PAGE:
Service Prices Trending Downward
In fact, some observers contend that the advent of powerful new broadband wireless technologies, near-zero-cost alternatives like municipal WiFi, and discount service providers such as mobile virtual network operators (MVNOs, i.e., third-party providers that offer branded cellular service plans on carrier networks) could have a disruptive effect on the wireless industry in general.
For enterprise users, falling prices present something of a devil's bargain, says Joseph Paolillo, director of information services at Yale University: "In terms of improving technology and the drop in price, every month you wait, [wireless networks] get cheaper and better. But you can't wait forever."
Danish research and analysis firm Strand Consult released a study today outlining "10 Mega Trends" for the wireless industry. The top two "Mega Trends": the threat from discount mobile service providers," a.k.a. MVNOs, and falling profit margins on essential mobile services. These downward pricing pressure, says Strand, mean that "a business-as-usual approach to the future will... mean the start of the end for those mobile players that do nothing."
While that may be hyperbolic, there's little question that as enterprises shift more toward wireless voice and data services they will have more leverage in seeking lower and more flexible payment options.
Small businesses leading
Another market study, released today by research firm In-Stat, finds that small and medium-sized business, in particular, are seeing prices for wireless services fall.
From 2004 to 2005, the In-Stat survey of 600 enterprise wireless decision-makers found, the average mobile-voice bill for small businesses fell 17 percent, from $82 to $68, while for medium-sized businesses it fell from $108 to about $83 -- a 23 percent drop.
Larger enterprises, meanwhile, are actually paying slightly more for wireless voice services, says Charles Gerlach, managing director of consulting at In-Stat. Often locked into long-term contracts, and unable to track usage as precisely as smaller businesses, large enterprises so far have been unable to take advantage of falling prices and new, more flexible payment plans.
"Many large organizations are paying monthly charges for at least some employees who don’t use their phones," adds Gerlach, "or are not even employed there anymore."
Complex market forces are forcing service providers to offer attractive and innovative plans and pricing options to enterprises. While revenue per user (RPU) has been falling for sometime for cellular voice service on the consumer side, carriers have been able to keep prices relatively flat on the enterprise side. That is no longer the case, particularly as enterprises shift to voice-over-IP and data services become more important and widespread.
"Voice RPUs are going down," says Tole Hart, research director for mobile devices at Gartner Inc. , "so [carriers] have to find additional data revenue. They're trying to figure out a way to do that, and that's really the challenge."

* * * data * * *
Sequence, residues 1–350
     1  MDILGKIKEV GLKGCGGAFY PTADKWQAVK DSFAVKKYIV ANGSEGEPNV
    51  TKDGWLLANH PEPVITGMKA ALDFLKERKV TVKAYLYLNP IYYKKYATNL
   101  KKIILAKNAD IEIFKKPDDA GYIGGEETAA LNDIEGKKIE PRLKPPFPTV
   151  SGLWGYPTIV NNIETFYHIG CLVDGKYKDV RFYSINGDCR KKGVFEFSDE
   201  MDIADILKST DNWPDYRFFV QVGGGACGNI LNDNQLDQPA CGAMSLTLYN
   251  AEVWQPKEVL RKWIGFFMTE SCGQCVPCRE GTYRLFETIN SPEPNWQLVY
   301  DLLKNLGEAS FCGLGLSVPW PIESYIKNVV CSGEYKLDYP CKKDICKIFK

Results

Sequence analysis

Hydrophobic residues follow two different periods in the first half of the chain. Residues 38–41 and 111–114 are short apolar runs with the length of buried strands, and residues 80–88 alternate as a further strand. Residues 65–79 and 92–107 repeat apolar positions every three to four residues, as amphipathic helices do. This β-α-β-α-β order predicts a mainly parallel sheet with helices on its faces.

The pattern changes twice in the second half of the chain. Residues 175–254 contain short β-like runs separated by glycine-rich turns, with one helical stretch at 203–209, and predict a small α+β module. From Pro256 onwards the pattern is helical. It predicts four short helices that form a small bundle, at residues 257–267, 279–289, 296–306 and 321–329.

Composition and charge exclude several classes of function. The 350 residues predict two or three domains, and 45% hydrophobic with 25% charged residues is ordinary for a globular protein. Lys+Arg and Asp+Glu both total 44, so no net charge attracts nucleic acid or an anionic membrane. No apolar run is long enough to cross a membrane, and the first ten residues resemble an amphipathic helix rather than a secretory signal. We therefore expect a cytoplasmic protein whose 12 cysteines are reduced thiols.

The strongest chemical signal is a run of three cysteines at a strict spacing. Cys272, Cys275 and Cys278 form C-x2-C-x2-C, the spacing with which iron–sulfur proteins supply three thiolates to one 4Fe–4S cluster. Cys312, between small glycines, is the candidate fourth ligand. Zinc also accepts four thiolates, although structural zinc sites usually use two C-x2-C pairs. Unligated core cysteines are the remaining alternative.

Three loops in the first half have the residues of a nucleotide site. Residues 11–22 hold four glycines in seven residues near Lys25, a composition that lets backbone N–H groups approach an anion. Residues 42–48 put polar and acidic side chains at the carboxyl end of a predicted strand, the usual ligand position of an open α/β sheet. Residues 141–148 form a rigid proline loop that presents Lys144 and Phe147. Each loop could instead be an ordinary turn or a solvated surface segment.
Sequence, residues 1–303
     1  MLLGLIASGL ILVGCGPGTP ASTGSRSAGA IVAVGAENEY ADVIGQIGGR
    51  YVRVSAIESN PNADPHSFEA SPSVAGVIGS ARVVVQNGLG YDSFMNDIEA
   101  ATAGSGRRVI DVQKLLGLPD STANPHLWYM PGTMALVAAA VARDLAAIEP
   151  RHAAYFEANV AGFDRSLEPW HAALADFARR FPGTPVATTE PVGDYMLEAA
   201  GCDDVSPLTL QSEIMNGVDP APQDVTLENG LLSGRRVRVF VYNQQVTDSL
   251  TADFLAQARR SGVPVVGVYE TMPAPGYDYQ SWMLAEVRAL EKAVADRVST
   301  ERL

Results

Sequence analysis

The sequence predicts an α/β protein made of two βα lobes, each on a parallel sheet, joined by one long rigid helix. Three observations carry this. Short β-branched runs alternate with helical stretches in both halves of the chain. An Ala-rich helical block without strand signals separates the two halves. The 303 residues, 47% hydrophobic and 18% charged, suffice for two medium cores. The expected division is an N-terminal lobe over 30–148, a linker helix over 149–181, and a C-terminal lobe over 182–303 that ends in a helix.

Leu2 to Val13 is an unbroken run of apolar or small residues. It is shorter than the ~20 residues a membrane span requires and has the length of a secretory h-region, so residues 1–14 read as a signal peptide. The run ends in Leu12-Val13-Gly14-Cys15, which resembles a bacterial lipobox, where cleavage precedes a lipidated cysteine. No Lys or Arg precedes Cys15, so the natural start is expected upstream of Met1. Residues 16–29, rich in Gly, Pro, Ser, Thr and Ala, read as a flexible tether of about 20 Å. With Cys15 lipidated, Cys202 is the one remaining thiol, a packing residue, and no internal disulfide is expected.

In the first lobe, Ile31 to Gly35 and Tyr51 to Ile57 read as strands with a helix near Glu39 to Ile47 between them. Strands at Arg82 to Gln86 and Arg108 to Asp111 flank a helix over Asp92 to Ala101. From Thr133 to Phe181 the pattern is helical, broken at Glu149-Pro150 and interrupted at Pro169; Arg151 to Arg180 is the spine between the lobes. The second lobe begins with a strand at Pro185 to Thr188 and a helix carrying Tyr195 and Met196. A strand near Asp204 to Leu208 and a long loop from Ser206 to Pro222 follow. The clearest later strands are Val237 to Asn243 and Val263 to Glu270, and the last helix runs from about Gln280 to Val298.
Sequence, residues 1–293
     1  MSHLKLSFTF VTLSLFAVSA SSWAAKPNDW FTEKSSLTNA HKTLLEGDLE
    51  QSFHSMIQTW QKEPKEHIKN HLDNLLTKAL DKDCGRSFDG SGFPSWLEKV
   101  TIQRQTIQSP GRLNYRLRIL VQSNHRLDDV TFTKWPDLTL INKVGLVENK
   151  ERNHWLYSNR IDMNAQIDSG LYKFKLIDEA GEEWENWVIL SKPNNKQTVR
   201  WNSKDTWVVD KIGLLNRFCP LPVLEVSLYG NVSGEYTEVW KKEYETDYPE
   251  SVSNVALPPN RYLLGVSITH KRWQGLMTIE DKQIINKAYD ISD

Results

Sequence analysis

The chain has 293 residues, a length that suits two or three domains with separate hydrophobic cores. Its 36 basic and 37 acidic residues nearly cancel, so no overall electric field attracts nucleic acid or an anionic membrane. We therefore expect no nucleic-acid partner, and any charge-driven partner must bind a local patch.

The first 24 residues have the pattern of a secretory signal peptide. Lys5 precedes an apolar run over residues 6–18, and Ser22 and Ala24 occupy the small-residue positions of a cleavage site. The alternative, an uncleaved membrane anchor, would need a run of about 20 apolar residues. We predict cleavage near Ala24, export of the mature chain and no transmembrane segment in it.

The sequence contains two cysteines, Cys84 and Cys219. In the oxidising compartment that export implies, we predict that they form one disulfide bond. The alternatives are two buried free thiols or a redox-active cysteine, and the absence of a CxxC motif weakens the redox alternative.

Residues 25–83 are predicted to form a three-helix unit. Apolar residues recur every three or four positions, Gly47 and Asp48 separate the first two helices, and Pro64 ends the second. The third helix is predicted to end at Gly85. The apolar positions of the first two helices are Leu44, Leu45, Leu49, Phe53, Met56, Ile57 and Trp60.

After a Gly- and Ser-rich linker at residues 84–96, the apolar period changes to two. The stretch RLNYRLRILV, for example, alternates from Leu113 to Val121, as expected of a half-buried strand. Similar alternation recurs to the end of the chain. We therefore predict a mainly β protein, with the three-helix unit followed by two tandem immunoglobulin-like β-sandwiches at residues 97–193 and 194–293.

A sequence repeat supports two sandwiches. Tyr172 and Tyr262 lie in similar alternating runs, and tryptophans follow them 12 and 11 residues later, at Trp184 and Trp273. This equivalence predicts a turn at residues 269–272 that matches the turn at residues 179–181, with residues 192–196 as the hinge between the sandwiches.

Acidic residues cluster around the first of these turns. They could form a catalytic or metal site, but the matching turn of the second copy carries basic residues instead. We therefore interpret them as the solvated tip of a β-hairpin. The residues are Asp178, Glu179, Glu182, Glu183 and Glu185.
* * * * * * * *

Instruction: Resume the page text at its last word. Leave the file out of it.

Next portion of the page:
The shrinking premium
That challenge is made tougher by the fact that average revenues for data services are also falling.
"The data pricing trend is downward," says Craig Mathias, principal wireless analyst at the Farpoint Group . "We're expecting unlimited wireless broadband services in the $35-$45 range in the next year or so. There will always be a premium for wireless, but the objective is to get to the same price point as wired."
In this case, big corporations can learn from their smaller rivals, as the aggressive approach to tracking employee use -- and finding attractive service options that combine voice and data -- filters upward.
"We see evidence that large organizations are becoming more aggressive at seeking to understand and control their spending on wireless services," says In-Stat's Gerlach, "and we believe that this is likely to lead to some pressure to reduce the rates that they are paying."
Other factors include the spread of dualmode WiFi/cellular handsets, and the market debut of true mobile broadband connections, in the form of WiMax networks. Once the handoff from cellular networks to WiFi becomes truly transparent to the user, says FarPoint's Mathias, prices have only one way to go.
"WiFi, of course, is terribly inexpensive to deploy," Mathias says, "so that will have a downward effect as well." (See Going Global, Keeping It Simple.)
Once WiMax becomes a reality -- which will likely not be for another year or two -- it will force more pricing upheaval onto service providers. Enterprises may be willing to pay more for new WiMax service, if it allows them to replace other legacy networking equipment and services. (See WiMax Anti-CliMax.)
"For half again of what you're paying for a DSL connection, for example, if I can give you broadband anywhere you want it, would you pay for that?" asks Andy McKinnon, principal for WiMax in Europe, the Middle East, and Africa for Motorola Inc. (NYSE: MOT). "We're seeing this rapid increase in the nomadic use of high-speed connections in terms of WiFi hotspots. Once you have true broadband on the move, many people would pay for it if it provided a similar experience. That's the capability of WiMax technology."
— Richard Martin, Senior Editor, Unstrung